We follow this same pattern of also adding the github context attribute as an environment variable like github.token = GITHUB_TOKEN.

@mikeparker
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mikeparker commented Aug 13, 2020

Hi, this is really great. Maybe I missed it, am I right in saying the composite action must be in a public repo right now? If so, is there a plan for referencing private actions? We don't really want to make our all CICD scripts public just to reuse them and we have many repos that all need to reference central pipelines / scripts / actions.

@ethanchewy
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ethanchewy commented Aug 13, 2020

@mikeparker good point - I'll add it to our tracking issue so that we can think it through. Thanks for bringing this up!

@bewuethr
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bewuethr commented Aug 13, 2020

@mikeparker @ethanchewy I can see that issue on the roadmap for Q1 2021.

@hross hross added the Runner Feature Feature scope to the runner label Aug 17, 2020
@sidvishnoi
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sidvishnoi commented Aug 17, 2020

Steps in workflow are shown as different collapsible sections in the UI. Are there any plans for supporting similar UI (nested within the workflow's uses step) for composite actions? Something like core.group() for each composite step would be nice for starters 🙏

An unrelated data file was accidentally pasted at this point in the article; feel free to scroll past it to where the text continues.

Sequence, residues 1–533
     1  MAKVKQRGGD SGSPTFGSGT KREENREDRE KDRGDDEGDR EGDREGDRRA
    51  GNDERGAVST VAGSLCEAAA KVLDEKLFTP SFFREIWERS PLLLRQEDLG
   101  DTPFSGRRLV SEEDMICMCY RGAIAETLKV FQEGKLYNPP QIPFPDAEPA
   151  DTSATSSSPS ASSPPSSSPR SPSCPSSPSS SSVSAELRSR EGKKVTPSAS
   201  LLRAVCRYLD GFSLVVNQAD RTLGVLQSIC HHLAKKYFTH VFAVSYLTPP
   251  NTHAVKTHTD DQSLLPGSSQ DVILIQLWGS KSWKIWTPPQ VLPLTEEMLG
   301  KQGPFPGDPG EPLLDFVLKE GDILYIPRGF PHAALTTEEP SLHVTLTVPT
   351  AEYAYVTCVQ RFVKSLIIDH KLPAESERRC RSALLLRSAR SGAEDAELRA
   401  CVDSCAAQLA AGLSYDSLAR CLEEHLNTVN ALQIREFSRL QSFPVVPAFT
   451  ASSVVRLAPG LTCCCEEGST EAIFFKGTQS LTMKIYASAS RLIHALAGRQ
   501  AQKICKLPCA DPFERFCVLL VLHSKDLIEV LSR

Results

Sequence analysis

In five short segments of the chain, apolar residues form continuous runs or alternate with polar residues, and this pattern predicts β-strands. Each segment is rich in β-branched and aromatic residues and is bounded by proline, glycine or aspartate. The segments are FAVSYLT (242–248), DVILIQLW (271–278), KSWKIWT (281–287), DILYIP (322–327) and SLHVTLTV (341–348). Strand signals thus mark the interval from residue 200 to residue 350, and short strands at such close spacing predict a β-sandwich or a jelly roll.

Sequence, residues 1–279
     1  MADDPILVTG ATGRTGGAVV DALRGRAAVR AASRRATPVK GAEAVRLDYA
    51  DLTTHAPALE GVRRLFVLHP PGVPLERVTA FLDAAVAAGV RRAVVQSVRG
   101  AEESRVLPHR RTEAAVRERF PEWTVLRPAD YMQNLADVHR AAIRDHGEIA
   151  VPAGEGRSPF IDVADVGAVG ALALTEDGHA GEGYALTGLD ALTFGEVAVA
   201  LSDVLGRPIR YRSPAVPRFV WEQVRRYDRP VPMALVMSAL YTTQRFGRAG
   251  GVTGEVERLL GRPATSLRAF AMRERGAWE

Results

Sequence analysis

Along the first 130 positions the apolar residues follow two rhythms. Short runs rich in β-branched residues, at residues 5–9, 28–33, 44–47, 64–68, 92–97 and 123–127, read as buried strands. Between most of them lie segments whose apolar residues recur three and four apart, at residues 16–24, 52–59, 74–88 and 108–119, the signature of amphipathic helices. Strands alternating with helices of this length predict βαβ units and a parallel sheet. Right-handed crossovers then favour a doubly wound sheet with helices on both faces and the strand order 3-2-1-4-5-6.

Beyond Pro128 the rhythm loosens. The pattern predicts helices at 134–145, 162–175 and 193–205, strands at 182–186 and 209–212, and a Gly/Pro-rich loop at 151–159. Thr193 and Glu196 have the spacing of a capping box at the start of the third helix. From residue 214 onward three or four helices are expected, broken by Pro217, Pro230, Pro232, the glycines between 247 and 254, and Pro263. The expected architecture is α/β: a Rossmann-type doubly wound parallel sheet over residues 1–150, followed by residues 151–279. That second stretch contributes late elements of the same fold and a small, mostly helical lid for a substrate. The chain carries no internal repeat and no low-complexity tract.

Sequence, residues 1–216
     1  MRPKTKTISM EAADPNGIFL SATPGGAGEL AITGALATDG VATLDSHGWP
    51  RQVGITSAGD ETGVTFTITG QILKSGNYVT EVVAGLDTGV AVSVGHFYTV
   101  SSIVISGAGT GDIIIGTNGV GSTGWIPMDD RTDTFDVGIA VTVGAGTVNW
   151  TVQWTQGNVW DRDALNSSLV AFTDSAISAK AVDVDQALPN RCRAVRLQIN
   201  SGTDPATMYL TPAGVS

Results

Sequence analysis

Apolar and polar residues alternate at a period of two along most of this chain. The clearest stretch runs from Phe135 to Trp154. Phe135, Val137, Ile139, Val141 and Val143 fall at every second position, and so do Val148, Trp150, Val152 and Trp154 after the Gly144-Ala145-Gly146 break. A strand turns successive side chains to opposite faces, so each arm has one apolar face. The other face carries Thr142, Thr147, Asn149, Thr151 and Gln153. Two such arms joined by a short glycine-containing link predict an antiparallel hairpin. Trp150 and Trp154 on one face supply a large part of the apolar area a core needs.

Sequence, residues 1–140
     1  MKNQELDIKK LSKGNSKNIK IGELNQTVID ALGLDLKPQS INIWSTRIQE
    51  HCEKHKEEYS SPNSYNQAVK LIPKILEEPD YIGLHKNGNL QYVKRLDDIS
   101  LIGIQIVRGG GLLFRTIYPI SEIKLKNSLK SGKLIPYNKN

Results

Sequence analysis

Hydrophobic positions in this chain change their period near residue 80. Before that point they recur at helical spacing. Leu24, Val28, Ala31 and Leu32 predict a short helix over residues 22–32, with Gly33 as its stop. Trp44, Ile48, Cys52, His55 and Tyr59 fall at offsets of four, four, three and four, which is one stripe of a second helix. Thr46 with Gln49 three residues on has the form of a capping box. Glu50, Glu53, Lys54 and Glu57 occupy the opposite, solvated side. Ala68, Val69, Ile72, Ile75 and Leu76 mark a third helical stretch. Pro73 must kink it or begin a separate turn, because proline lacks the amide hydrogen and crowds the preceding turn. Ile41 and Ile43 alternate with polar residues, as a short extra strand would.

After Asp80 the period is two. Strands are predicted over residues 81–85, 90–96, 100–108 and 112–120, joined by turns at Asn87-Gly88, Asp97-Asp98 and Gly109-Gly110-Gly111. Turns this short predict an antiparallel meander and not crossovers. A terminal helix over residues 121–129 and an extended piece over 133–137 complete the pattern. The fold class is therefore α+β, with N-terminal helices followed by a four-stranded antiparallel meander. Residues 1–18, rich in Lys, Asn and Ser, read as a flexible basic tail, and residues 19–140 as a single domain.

Right now, I'm manually setting the group workflow command in each step.

@austinsasko
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austinsasko commented Aug 18, 2020

It seems that we cannot use the outcome of a composite step in an action, is that expected?
outputs: output_var: description: 'Outcome of running pretty format on the code' value: ${{ steps.step_id.outcome }}

and
- run: echo "this is ${{ steps.step_id.outcome }} ${{ steps.step_id_2.outcome }} ${{ steps.step_id_3.outcome }}" shell: bash

both of the above code snippets have empty values for the ${{ }} parameters.

The output of toJson(steps) was an empty Json array {}

@austinsasko
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austinsasko commented Aug 18, 2020

Also, it seems that composite actions do not support defaults. https://docs.github.com/en/actions/reference/workflow-syntax-for-github-actions#defaultsrun

Is this something planned? I notice its not in the initial description of this issue.

rajivmb added a commit to rajivmb/p13i-eg-jpll that referenced this issue Aug 19, 2020
@ethanchewy
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ethanchewy commented Aug 19, 2020

It seems that we cannot use the outcome of a composite step in an action, is that expected?